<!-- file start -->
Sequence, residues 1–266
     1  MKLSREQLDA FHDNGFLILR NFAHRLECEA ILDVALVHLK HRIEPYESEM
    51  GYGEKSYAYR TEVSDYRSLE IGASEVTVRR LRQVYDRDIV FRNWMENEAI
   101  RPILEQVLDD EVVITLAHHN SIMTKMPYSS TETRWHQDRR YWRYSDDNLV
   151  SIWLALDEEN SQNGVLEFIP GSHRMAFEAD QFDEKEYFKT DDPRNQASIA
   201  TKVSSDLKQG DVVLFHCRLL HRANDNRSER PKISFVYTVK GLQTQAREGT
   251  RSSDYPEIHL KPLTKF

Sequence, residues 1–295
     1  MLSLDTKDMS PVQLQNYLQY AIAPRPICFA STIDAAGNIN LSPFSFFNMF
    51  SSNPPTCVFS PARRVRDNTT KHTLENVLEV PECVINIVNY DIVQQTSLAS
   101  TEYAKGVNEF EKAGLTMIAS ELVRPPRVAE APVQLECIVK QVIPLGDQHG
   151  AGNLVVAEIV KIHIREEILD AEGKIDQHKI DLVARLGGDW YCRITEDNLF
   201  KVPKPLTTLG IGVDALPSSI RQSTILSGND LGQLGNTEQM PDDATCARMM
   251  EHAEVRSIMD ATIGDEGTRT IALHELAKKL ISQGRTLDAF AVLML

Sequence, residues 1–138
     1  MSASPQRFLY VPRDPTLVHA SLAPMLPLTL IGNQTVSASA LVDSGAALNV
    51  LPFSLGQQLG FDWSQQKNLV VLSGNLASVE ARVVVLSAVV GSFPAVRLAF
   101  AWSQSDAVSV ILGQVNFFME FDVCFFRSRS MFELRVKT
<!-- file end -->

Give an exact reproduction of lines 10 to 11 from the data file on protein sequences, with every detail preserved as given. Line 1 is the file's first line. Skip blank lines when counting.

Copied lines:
    51  SSNPPTCVFS PARRVRDNTT KHTLENVLEV PECVINIVNY DIVQQTSLAS
   101  TEYAKGVNEF EKAGLTMIAS ELVRPPRVAE APVQLECIVK QVIPLGDQHG